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Proper aircraft maintenance is a must for keeping aircraft and aviation tools in optimal condition, ensuring the safety of pilots, crew and passengers. Repair stations and maintenance technicians perform maintenance and inspections on aircraft.
One of aircraft tools a cradle transporter stand – FB70077-200 / FB70077-2ASH is provided with four special castor units, one at each corner of the unit. Each castor unit comprises a double wheel assembly, and is fitted with a foot-operated brake; and each unit is suitably spring loaded, once again to reduce shock transmissions to the engine. All three springs per wheel assembly are precompressed at fabrication and locked.
Each castor unit can be rotated through 360 degrees to increase the mobility of the transporter assembly, by using the special handles and locked in position by use of the indexing spigot. The handles are stored within the main frame when not in use.
The castor wheels can be raised or lowered by removing the bolt and locking pin and re-adjusting their position. When these are in the raised position, the transporter will sit on the deck of the transport, or on the workshop floor.
Onother example of aircraft tools can be Ackerman type steering, complete with fully steerable cellular rubber tyred wheels, can be provided at both ends of the transporter stand, incorporating a hand operated hydraulic pump/cylinder assembly for raising and lowering each set of wheels. The hydraulic pumps fitted to this system are set to ‘break’ at between 390-400 bar pressure, to give a working pressure of 350 bar. All hoses and fittings are rated for normal use at 330 bar with a 4:1 factor of safety. Flow restrictor valves are fitted at each cylinder to permanently control the rate of stand lowering to approx. 100mm/6 secs. including the event of sudden fluid loss caused by a hose, pump or joint failure.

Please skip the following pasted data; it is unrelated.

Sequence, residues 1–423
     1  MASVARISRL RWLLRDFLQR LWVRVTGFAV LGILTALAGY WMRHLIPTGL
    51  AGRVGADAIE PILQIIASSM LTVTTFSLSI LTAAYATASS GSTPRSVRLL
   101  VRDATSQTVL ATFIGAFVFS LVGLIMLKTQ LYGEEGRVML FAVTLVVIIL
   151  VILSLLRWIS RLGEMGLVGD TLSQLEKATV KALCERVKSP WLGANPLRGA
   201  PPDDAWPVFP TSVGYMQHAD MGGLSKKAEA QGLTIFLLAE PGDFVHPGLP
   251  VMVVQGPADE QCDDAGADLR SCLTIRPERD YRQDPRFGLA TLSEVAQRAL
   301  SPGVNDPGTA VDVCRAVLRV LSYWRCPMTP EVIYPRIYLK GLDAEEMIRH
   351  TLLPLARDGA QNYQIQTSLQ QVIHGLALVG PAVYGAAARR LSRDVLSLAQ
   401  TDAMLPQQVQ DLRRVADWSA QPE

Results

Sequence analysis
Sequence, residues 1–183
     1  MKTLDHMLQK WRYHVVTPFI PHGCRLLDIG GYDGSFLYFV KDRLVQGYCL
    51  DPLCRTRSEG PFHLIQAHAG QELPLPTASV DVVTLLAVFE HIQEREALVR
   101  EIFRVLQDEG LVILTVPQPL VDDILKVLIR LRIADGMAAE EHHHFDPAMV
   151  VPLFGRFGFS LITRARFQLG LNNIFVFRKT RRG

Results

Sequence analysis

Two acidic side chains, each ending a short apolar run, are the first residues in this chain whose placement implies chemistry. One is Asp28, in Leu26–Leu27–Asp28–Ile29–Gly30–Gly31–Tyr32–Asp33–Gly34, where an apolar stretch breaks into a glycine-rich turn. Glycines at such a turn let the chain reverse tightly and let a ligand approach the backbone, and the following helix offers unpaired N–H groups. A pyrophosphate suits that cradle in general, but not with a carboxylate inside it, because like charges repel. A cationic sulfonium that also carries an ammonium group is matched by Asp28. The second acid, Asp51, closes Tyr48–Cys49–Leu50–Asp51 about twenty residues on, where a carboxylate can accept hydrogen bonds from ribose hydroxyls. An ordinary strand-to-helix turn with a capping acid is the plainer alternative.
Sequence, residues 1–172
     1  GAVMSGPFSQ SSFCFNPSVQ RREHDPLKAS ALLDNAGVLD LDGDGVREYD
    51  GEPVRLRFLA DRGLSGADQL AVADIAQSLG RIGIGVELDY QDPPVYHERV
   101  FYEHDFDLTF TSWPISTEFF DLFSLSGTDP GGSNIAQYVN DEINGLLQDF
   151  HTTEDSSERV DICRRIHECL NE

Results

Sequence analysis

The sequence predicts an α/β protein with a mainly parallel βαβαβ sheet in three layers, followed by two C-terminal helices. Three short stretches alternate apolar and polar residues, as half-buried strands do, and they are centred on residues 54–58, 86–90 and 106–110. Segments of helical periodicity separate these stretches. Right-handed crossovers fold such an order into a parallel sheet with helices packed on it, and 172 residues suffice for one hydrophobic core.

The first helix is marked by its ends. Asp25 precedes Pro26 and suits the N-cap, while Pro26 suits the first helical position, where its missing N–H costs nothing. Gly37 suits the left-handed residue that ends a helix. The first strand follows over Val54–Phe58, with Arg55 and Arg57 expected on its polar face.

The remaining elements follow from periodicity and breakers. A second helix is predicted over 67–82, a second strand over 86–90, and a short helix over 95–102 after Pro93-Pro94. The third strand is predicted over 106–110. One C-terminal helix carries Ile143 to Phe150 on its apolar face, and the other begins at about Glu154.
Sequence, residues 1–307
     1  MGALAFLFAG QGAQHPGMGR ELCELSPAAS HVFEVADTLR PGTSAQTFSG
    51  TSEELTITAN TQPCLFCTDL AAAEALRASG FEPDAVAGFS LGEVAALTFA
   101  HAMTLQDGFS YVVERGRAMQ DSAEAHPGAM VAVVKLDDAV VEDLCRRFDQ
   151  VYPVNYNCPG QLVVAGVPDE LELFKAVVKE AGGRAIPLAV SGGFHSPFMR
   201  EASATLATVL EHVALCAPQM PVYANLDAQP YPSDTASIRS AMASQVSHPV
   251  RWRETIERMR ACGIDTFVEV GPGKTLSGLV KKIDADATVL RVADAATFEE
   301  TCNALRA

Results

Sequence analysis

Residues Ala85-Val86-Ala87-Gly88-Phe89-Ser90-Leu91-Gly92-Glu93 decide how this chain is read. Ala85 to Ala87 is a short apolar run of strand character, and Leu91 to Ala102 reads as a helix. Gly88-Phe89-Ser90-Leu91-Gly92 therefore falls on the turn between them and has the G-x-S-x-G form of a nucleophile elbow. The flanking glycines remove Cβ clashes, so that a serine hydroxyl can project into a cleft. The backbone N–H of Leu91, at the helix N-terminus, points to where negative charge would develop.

This option enables greater ground clearance to be obtained (than with the standard arrangement). This is useful when travelling up an incline or over a ramp.
Normally the transporter and aircraft engine cradle will be delivered with the four castor wheels in the ‘raised state’, i.e. via road transport; in which case either, fork lift removal or crane lift will be required to transfer the machine to ground level or working surface.
At the time of transfer, it is convenient to lower each set of castors by removing their respective locking pins and changing them to the alternative ‘transport’ position, using the turning bars to increase leverage. A check should be made that both turning handles are in the stowed position on the transporter stand. It is essential to ensure that all securing bolts between engine cradle and transporter stand will fit in position, and that the ‘D’ pins will easily be attached before attempting to load an engine within the cradle. During aircraft maintenance a visual check should be made that both sets of side struts are well secured and tightened before loading takes place.